A dozen or more courses is a long time to stay in your seat. Increasingly, ambitious restaurants the world over like to show off the whole of their vision, which means diners might be taken on a tour of the grounds or escorted to another room for part of lunch or dinner.

Barbecued cod head with condiments. (Jason Loucas /Noma)

The view of the lake outside. (Jason Loucas /Noma)

Visiting so early in the game means some of Redzepi’s many ideas aren’t quite ready for prime time. Noma isn’t offering bread at the moment, since its bakery has yet to fire up its ovens. Nor is the test kitchen — a glass house in which future guests will be able to glimpse tomorrow’s ideas — completely done.

That still leaves plenty to see, starting with a foyer of squid, octopus and other sea creatures displayed in jars on a big, round table, an idea Redzepi got while visiting a natural-history museum with his daughter. There’s a sleek canteen for the staff, a library’s worth of cookbooks from around the world, a fish tank with animated Norwegian crab — like the much-discussed cod sperm, the crabs are on the next day’s menu — and a big ant farm collected from twigs and earth that Redzepi says is missing “a sex room” for the insects. Nearer the enormous exposed kitchen are rooms devoted to barbecue and fermention.

Redzepi demands a lot from his staff, but he takes care of them as well. What other restaurant is promising its staff a sauna? Employees also get to vote on how much they want to work. For the second half of June, vegetable season, they’ve agreed to do dinner service only.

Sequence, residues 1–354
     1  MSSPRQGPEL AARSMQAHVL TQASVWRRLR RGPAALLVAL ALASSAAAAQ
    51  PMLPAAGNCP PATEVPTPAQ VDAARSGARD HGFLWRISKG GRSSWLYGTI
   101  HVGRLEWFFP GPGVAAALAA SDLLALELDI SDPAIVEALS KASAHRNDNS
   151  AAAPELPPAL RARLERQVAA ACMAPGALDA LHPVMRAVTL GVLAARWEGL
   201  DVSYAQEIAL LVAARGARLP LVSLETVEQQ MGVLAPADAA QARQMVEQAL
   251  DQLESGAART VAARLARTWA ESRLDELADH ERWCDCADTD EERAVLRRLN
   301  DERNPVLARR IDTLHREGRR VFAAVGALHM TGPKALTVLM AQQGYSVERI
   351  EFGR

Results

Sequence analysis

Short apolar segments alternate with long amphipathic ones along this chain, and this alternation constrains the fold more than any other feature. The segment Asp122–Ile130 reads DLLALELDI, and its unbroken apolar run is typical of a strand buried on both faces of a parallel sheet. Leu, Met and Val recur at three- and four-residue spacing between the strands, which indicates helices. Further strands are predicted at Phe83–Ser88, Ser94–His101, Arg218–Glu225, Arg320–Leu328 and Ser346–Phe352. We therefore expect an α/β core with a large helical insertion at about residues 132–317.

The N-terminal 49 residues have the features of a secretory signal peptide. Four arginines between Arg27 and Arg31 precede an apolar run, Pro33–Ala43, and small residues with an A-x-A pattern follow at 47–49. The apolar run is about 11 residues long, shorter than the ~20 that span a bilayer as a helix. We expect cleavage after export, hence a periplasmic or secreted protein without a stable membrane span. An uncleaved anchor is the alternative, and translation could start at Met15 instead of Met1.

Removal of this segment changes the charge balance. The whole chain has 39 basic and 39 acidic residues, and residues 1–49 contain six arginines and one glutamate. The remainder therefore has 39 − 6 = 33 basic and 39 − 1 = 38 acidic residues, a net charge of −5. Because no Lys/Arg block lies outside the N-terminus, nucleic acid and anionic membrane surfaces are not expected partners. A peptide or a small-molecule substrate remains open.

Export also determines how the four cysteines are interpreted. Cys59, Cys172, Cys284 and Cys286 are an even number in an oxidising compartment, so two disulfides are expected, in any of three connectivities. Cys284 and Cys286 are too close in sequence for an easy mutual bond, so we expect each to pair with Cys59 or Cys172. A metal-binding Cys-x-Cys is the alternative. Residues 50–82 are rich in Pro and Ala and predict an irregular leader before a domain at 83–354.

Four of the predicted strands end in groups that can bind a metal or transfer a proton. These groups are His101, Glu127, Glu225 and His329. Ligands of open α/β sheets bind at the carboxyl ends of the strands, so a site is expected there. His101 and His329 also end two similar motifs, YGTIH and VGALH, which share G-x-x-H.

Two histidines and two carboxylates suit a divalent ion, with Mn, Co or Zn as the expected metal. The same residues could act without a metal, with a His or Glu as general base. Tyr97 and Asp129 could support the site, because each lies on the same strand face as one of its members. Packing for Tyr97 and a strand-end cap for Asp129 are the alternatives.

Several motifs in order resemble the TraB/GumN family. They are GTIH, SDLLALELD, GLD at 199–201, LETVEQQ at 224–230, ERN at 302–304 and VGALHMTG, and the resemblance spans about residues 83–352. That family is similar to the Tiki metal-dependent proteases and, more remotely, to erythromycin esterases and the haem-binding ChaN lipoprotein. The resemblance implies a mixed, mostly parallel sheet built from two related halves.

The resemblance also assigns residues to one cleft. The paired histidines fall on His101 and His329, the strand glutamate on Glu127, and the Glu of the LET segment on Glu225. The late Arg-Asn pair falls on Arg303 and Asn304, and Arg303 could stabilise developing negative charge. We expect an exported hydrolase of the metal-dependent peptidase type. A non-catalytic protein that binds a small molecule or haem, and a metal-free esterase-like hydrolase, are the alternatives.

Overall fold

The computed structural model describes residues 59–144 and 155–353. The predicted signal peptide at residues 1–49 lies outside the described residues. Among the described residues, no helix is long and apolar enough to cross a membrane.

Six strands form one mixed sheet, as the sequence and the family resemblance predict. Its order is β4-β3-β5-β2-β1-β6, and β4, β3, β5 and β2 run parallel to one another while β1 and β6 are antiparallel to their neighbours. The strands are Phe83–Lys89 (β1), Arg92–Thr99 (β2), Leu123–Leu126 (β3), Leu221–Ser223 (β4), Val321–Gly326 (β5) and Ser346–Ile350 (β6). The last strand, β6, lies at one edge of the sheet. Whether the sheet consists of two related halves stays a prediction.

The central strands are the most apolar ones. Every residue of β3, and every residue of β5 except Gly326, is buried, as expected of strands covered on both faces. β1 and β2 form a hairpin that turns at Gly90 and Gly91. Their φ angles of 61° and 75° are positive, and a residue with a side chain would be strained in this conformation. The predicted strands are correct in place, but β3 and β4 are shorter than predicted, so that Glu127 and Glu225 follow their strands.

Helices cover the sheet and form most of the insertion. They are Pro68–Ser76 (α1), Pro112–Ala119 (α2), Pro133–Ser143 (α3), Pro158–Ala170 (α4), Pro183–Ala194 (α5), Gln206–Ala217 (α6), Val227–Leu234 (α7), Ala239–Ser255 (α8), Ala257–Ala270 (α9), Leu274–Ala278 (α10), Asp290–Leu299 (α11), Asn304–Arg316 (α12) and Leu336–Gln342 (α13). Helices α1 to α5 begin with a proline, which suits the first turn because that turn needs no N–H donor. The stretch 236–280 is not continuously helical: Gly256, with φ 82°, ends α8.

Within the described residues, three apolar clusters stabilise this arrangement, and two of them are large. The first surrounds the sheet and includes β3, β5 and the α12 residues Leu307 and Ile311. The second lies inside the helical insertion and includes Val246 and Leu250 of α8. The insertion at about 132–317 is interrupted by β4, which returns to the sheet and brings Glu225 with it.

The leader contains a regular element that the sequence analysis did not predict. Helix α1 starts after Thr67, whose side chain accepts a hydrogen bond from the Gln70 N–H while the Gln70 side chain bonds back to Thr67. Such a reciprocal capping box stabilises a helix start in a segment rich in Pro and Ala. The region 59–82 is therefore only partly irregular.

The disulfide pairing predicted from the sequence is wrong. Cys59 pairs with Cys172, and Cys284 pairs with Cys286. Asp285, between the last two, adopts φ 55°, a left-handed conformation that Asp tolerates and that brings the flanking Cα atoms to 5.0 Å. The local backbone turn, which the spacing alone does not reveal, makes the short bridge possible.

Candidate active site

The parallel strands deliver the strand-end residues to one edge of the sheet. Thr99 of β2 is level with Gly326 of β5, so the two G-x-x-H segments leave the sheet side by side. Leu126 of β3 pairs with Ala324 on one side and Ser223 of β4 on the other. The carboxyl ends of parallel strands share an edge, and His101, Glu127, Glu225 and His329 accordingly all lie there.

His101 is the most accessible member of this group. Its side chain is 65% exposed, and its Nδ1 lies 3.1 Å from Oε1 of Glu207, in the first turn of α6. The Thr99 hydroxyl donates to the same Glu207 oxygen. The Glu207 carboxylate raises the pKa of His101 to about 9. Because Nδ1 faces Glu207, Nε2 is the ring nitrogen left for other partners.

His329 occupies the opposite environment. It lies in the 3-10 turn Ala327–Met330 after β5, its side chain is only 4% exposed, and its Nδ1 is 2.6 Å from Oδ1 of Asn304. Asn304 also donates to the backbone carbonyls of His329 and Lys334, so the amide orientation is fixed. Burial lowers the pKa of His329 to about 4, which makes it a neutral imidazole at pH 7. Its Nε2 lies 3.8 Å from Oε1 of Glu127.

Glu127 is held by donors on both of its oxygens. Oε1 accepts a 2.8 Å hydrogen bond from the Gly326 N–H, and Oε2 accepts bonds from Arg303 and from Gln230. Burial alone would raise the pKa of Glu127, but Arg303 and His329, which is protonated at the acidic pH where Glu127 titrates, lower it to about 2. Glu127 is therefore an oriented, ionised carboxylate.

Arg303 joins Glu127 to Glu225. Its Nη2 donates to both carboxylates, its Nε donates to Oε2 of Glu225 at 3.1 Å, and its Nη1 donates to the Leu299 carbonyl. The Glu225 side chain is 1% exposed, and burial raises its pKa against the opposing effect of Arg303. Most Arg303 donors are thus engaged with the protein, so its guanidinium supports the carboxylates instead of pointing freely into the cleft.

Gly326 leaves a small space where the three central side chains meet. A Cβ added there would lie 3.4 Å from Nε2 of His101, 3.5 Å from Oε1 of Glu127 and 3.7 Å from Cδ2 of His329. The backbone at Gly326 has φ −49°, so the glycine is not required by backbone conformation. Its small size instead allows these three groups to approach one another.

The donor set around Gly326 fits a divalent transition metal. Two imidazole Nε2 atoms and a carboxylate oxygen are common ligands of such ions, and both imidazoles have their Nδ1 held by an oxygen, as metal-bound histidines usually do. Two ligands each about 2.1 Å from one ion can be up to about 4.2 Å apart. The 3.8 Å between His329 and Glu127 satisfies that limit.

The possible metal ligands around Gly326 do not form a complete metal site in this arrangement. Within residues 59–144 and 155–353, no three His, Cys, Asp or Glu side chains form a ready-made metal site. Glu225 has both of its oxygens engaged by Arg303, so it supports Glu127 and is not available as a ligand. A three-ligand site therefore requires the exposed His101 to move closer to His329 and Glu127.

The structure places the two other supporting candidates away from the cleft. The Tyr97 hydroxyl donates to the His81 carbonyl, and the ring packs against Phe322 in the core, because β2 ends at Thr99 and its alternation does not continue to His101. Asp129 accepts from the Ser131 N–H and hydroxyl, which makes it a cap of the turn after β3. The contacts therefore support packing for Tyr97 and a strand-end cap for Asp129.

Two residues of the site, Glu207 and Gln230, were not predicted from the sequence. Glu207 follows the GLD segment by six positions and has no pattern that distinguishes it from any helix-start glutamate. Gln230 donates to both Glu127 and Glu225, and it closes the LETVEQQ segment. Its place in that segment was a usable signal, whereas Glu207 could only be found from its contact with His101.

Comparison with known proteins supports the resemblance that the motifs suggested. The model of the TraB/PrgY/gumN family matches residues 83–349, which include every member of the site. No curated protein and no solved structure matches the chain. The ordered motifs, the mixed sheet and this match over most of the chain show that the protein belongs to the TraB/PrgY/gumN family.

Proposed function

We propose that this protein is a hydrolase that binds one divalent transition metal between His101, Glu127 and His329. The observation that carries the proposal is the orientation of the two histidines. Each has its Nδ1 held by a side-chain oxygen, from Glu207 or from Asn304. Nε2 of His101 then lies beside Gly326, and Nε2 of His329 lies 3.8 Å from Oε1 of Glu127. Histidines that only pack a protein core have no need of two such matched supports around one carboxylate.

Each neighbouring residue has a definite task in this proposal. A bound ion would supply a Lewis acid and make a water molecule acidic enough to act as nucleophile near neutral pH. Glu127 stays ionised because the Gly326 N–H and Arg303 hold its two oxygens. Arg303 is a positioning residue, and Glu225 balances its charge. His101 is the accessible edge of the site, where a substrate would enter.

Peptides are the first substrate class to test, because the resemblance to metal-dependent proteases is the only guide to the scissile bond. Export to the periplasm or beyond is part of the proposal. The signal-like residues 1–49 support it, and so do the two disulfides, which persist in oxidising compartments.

The new Noma benefits greatly from the team’s travels abroad. Tokyo, says Redzepi, taught him that there’s “no one way to do something,” but also, “we weren’t stuck. We would be able to do something different.” The pop-up in Sydney, where the chef encountered pine cones the size of footballs, helped the staff to “organize in proper fashion.” The jungle setting in Tulum, meanwhile, underscored the beauty of “being so close to nature,” a priority that plays out in the natural, light-enhanced design found in Copenhagen.

The last few bites at Noma are enjoyed in a lounge that revels in hygge, (pronounced HUE-gah) the Danish concept of extreme coziness. While much of the restaurant fuses “rawness with the Blade Runner,” as Redzepi puts it, the final stop of the meal is a beautifully lit room furnished with low couches and a crackling fire. A choice of spirits are offered as we admire the work of the pastry department: fermented pear and roasted kelp ice cream tucked into what looks like a mussel shell, and yogurt reworked as powdery snow studded with soft, itty-bitty candied pine cones. Plankton cake demonstrates, once again, the versatility of kelp.